Is this transmission line peak voltage formula published in CQ Magazine more accurate?

In his July 2018 article in CQ magazine entitled “Lightning (and EMP) Surge Protection for HF Radios”, Steven Karty, N5SK based much of his analysis for properly specifying a GDT (Gas Discharge Tube) on an equation used by Huber+Suhner (S+H) and further promulgated by Peter Sypher, KC4SI in a paper entitled “An Improved Formula for Peak Voltage Calculation in an RF Transmission Line” dated 17 May 2017.

The formula championed by the article is:

$$V_{peak}=\sqrt{2Z_OP_{out}}*(1-\rho_L) \tag 1$$

where ZO is the characteristic impedance of the transmission line, Pout is the output power of the transmitter and $\rho_L$ is the reflection coefficient of the load.

In the N5SX article, the author took exception to a peak voltage equation referenced by K5PA in a July/August 2016 QEX article entitled “Radio Frequency (RF) Surge Suppressor Ratings for Transmissions into Reactive Loads”. The KC4SI paper also takes exception to this equation. The K5PA equation, often shown in ARRL publications and so referenced by K5PA, is:

$$V_{peak}=\sqrt{2Z_OP_{out}SWR} \tag 2$$

The author states that formula 2 is less accurate than formula 1. Is this correct?

• @KevinReidAG6YO Kevin - I appreciate the effort to improve the title but I cringe at the grammatical faux pas of "more correct" since "correct" is a Boolean condition. Perhaps "more applicable"? Aug 12 '18 at 23:52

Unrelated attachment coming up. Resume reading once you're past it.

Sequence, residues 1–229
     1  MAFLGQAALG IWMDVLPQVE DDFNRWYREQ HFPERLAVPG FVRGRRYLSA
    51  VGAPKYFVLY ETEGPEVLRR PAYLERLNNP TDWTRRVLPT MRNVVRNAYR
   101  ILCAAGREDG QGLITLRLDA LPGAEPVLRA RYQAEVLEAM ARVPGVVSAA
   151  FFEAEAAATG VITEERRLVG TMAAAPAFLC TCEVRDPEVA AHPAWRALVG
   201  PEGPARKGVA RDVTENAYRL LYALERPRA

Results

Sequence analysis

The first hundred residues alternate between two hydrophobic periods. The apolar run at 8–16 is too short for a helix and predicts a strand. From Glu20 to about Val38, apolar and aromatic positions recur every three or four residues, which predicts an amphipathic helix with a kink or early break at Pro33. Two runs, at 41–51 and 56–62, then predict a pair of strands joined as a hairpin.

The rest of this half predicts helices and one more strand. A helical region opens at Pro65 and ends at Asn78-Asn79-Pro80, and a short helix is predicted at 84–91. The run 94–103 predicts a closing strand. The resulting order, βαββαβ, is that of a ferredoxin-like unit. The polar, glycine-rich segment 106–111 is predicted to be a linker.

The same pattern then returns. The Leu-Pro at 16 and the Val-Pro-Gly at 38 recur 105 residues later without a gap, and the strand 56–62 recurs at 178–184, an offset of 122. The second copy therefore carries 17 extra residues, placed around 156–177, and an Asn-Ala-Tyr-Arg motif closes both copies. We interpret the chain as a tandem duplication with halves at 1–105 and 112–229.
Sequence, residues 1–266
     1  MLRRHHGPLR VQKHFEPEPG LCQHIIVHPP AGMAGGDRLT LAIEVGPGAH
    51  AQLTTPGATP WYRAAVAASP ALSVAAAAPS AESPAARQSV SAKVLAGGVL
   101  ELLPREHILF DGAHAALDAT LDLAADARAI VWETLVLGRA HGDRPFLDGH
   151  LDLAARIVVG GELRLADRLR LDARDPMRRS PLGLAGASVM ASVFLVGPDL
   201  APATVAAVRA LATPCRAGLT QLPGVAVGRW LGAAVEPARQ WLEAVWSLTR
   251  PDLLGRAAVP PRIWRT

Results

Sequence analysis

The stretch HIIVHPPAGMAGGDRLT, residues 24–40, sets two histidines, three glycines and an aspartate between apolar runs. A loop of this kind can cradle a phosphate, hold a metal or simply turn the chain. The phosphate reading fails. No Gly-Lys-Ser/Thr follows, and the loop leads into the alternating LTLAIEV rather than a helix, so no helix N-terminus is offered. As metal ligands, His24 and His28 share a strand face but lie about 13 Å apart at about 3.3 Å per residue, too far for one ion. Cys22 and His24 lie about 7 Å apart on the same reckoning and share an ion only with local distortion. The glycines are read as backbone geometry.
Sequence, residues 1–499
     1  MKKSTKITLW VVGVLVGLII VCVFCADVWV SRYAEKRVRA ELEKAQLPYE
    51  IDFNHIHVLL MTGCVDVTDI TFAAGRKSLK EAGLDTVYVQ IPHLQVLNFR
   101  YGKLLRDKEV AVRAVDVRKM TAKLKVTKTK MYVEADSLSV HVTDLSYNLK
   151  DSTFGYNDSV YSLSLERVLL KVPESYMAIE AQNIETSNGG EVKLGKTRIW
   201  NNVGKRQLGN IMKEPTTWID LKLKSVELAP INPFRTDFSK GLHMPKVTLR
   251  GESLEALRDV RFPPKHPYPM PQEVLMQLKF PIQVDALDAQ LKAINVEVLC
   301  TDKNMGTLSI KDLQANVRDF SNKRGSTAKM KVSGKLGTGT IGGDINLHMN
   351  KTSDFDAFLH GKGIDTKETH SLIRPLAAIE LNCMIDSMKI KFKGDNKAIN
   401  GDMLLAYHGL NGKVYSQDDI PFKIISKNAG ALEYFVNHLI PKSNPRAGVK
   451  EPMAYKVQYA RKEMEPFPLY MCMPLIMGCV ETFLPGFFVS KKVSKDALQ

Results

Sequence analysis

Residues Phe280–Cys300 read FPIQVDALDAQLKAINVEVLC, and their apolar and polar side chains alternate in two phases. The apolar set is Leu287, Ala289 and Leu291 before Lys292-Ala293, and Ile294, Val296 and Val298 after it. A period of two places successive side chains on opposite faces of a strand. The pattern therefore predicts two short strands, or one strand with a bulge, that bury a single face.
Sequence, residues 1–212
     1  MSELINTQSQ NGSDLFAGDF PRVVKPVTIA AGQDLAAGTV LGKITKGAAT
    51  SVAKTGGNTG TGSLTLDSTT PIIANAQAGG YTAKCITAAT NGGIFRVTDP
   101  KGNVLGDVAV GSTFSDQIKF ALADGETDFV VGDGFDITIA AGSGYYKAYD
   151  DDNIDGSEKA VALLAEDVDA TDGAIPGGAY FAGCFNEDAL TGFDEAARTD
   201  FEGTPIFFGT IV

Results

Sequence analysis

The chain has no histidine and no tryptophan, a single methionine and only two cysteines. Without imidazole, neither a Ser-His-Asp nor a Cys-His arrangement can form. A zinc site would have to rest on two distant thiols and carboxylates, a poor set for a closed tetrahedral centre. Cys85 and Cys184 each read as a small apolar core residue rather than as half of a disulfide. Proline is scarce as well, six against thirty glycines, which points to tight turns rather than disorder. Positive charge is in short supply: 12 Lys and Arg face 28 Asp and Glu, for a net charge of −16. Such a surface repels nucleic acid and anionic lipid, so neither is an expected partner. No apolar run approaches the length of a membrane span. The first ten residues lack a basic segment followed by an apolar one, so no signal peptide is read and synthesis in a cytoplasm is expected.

• Would you accept "more accurate"? I'm not particularly attached to my phrasing, but the original title is, in my opinion, too much of a headline rather than a summary of the question. Aug 13 '18 at 0:39
• Stuart: Oh, Sheldon, I'm afraid you couldn't be more wrong. Sheldon: More wrong? Wrong is an absolute state and not subject to gradation. Stuart: Of course it is. It's a little wrong to say a tomato is a vegetable, it's very wrong to say it's a suspension bridge. Aug 13 '18 at 15:07
• @KevinReidAG6YO Thanks, Kevin. That works. Aug 14 '18 at 13:39

Equation 1 as proposed in the article has two primary shortcomings:

1. It does not address losses in the line. As a result, the formula may overstate the maximum peak voltage.
2. It requires that ZG (the output impedance of the generator) closely matches the ZO. This is rarely the case except in a controlled lab environment. As a result, the equation generally understates the maximum peak voltage.

Since the use of equation 1 was centered upon selecting an appropriate GDT for lightning/EMP protection, shortcoming #2 is the most significant since this may cause the GDT to fire under normal operating conditions.

Here is a practical example which illustrates shortcoming #2:

Consider a ½ wavelength transmission line with a ZO of 50+j0 ohms (therefore lossless). At the end of this transmission line is a 150+j0 ohm load. At the other end of the transmission line is a 100 watt output transmitter connected to a properly adjusted, lossless impedance matching circuit (the antenna tuning unit or ATU). Since the transmission line is ½ wavelength long, the input impedance of this length of transmission line is also 150+j0 ohms. A properly adjusted ATU will therefore transform the output impedance of the transmitter to 150+j0 ohms, providing a conjugate match to deliver the maximum available power to the load. Since the condition of maximum power transfer has been satisfied, 100 watts is applied across the input impedance of the transmission line.

Using a derivation of Ohm’s law, the peak voltage is given as:

$$V_{peak}=\sqrt{2Z_OP_{out}}=173.2 \text{ volts} \tag 3$$

Whereas equation 1 would predict:

$$V_{peak}=\sqrt{2*50*100}*(1-0.5^2)= 150 \text{ volts}$$

This represents a greater than 15% error in this case. Most concerning is that the error underestimates the maximum voltage, defeating the very purpose of referencing the equation - to properly size a GDT.